Skip to main content

Write Descriptive Link Text

You likely know that underlined text on a digital document typically signifies a hyperlink to another resource. Did you know, though, that the text used for that link can affect user experience?

Review the following example. What might cause problems for a user viewing this content?

Example: To access the IDC website, click here. You may also read more about the IDC staff. Finally, view the IDC workshop schedule at http://idc.eku.edu/online-teaching-and-learning-workshops.

Screen reader users often choose shortcuts to determine headings, list items, and links on a webpage. Below is an illustration of what these links will sound like to the screen reader user. As you can imagine, such link text is of no benefit to the user.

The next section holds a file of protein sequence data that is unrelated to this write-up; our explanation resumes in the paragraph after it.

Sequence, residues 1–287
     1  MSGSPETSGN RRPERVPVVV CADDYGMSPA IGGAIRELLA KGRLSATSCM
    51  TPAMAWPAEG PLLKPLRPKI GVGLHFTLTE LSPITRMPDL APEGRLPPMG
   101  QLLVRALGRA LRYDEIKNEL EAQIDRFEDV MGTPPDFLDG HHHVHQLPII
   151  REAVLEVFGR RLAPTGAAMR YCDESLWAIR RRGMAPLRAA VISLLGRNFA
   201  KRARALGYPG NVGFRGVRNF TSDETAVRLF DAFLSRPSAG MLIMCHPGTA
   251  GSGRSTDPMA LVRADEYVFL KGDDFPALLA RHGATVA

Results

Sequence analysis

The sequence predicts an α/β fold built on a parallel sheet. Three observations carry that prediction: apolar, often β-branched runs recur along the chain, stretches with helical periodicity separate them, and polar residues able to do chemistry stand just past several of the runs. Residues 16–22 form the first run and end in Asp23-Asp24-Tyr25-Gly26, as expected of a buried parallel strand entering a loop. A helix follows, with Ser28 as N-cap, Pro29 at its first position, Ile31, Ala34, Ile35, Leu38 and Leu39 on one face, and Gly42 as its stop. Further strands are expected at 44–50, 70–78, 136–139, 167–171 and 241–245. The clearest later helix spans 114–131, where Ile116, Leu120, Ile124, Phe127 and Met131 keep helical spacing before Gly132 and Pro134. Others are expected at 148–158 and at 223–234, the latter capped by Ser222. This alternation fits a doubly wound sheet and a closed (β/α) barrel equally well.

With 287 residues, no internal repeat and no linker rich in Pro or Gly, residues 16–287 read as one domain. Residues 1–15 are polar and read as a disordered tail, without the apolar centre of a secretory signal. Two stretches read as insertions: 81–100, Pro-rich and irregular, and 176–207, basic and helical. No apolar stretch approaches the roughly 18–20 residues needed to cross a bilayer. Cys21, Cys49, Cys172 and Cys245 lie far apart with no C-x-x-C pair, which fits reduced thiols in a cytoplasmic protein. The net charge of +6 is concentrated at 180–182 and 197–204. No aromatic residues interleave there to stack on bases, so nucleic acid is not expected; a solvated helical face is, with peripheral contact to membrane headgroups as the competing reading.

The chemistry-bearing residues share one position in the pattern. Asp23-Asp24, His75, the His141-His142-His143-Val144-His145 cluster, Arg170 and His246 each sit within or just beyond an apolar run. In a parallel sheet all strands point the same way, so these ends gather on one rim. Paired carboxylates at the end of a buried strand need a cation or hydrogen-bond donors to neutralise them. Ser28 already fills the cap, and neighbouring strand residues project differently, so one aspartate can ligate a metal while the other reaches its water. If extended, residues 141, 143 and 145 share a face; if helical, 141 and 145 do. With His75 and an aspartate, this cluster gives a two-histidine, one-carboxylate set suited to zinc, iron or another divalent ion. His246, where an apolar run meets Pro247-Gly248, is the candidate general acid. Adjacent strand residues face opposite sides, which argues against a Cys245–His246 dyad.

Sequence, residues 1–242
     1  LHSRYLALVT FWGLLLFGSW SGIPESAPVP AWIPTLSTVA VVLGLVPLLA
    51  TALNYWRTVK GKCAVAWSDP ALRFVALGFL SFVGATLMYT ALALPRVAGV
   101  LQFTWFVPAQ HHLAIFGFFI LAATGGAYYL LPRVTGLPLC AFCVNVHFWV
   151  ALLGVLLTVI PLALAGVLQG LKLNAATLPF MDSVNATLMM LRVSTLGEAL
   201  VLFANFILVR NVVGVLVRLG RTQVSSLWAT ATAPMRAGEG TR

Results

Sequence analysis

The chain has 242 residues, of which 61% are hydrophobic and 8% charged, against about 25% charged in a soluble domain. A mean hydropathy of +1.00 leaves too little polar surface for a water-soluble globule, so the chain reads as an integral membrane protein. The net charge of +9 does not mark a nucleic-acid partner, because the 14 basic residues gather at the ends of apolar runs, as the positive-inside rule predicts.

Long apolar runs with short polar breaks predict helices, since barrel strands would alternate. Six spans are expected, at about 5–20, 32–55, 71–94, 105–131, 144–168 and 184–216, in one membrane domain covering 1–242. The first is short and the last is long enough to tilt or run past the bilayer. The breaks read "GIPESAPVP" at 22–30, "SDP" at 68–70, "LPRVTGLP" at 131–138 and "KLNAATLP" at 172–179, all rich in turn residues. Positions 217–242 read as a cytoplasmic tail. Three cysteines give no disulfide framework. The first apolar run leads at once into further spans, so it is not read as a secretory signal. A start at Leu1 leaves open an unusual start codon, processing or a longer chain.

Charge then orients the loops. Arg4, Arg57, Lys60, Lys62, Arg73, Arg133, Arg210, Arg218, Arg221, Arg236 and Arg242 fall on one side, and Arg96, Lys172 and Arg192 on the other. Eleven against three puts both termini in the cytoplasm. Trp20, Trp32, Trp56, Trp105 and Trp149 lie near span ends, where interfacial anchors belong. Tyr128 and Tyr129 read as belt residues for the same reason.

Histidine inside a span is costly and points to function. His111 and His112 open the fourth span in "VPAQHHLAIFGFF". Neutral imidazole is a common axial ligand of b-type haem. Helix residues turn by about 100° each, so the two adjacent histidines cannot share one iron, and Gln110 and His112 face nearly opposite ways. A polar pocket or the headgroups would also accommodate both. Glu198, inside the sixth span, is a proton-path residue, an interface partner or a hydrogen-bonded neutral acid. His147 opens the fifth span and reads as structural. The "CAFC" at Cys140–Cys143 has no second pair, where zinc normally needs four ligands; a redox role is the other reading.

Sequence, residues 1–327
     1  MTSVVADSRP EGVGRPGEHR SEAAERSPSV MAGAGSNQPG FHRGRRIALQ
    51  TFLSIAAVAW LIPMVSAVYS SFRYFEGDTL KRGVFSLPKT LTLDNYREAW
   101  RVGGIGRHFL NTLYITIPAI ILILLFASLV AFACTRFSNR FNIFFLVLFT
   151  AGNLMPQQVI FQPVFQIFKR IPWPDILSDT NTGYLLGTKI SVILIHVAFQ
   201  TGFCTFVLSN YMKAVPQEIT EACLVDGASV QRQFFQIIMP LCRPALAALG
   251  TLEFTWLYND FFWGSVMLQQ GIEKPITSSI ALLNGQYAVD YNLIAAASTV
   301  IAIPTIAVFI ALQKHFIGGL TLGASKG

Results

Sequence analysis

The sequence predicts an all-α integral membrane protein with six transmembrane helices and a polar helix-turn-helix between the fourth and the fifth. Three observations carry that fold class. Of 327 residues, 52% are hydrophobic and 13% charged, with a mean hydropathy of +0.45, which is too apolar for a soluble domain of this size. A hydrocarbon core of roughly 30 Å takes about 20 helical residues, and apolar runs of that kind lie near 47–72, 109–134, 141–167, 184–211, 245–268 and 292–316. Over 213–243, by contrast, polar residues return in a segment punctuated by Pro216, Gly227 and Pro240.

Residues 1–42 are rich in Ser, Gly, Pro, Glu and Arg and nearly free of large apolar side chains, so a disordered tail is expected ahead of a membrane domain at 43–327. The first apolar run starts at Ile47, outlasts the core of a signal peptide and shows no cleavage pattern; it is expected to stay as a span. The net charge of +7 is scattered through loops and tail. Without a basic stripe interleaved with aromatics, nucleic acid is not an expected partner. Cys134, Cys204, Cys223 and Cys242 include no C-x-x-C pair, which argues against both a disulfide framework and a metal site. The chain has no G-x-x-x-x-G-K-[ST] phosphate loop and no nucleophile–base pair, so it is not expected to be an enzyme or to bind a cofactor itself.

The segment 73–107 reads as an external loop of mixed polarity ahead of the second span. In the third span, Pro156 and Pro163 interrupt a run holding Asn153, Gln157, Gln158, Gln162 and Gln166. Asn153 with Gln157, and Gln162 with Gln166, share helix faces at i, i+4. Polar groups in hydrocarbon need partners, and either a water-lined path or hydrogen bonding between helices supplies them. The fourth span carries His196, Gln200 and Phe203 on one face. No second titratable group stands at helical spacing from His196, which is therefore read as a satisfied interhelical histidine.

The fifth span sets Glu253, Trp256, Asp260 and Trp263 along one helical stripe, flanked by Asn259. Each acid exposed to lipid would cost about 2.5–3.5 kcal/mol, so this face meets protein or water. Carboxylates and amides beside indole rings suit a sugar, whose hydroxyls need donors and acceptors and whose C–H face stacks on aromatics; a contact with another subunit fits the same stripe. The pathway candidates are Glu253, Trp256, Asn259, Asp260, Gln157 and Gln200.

Link text using a JAWS screen reader shortcut, with links "click here," "read more," and complete URL

Below is the example from above, remediated with descriptive text for each link. Note how much more meaningful and helpful the link text is for the user of a screen reader!

Example, remediated: Access the IDC website. You may also read more about the IDC staff. Finally, view the IDC workshop schedule.

Link text using a JAWS screen reader shortcut, with purposeful, in-context link text

Open /*deleted href=#openmobile*/